The most prescient thing ever said about the Patient Protection and Affordable Care Act, commonly called Obamacare, was articulated by then-Speaker of the House Nancy Pelosi: “we have to pass the bill so that you can find out what is in it.”
The latest revelation from its thousands of pages? A passage prohibiting doctors from asking their patients questions about guns in the home.
The Washington Post reports that many gun control groups are incensed at the power of the NRA to limit their ability to “collect information”:
Physician groups and public health advocates say the cumulative effect of these restrictions undercuts the ability of the White House and lawmakers to make the case for new laws, such as an assault-weapons ban, in the face of opponents who argue that there’s no evidence such measures are effective. Advocates for regulating guns lament that reliable statistics are limited in part because physicians and health researchers who could track these patterns are being inhibited.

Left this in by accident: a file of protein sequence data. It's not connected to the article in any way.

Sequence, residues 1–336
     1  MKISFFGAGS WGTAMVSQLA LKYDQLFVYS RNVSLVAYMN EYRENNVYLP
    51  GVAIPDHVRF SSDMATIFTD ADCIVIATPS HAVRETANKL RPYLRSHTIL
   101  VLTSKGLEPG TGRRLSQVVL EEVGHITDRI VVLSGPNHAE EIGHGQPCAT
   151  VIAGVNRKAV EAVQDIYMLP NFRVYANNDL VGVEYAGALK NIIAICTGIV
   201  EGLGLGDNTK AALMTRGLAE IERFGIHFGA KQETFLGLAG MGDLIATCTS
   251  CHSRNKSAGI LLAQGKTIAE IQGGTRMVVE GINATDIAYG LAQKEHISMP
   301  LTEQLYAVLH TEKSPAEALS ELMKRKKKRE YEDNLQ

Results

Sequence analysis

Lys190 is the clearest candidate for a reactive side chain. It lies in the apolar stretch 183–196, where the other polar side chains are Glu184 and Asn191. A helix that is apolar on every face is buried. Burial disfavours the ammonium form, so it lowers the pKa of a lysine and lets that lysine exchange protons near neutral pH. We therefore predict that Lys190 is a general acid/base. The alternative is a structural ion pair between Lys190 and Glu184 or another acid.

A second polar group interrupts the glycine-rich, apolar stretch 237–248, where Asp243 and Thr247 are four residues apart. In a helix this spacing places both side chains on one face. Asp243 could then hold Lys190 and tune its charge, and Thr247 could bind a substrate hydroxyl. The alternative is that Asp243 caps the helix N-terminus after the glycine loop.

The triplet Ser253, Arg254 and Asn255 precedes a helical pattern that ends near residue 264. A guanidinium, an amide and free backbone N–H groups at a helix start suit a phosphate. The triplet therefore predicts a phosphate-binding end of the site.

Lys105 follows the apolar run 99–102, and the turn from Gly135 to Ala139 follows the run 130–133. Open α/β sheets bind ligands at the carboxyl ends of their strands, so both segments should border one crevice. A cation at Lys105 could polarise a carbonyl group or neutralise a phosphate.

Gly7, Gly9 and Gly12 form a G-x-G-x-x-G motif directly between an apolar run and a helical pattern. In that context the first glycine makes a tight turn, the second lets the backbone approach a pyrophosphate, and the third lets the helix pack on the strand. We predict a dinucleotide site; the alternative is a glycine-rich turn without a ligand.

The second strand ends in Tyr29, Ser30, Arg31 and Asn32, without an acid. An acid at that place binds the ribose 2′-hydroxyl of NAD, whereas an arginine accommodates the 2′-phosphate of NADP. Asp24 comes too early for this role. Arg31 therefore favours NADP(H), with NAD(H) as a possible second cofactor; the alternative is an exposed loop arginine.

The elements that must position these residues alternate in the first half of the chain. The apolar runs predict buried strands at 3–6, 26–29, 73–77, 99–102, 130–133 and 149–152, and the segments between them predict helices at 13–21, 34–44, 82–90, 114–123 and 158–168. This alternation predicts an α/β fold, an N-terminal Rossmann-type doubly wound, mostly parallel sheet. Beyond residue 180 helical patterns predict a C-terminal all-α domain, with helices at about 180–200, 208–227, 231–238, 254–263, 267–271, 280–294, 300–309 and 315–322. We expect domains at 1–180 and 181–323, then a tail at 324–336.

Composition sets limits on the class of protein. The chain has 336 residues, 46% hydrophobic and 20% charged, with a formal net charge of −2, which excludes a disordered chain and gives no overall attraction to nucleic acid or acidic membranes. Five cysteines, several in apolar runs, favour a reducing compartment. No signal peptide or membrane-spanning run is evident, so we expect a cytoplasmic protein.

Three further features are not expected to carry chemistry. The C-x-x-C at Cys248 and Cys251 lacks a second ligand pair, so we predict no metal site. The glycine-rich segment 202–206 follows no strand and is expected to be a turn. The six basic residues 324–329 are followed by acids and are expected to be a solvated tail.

Considering the quality of previous doctor-led sociological studies into gun usage — and really, this is not a medical problem but a complex, society-wide issue far beyond the competence of medical training to comprehend — the prohibition might really best be described as a defense of scientific method.
But the big issue here is not the politics of “research.” It’s that a health care reform package passed nearly three years ago contains hot potatoes such as this, and we are only discovering them now.
Nancy, you were all too disastrously correct.
This is Common Sense. I’m Paul Jacob.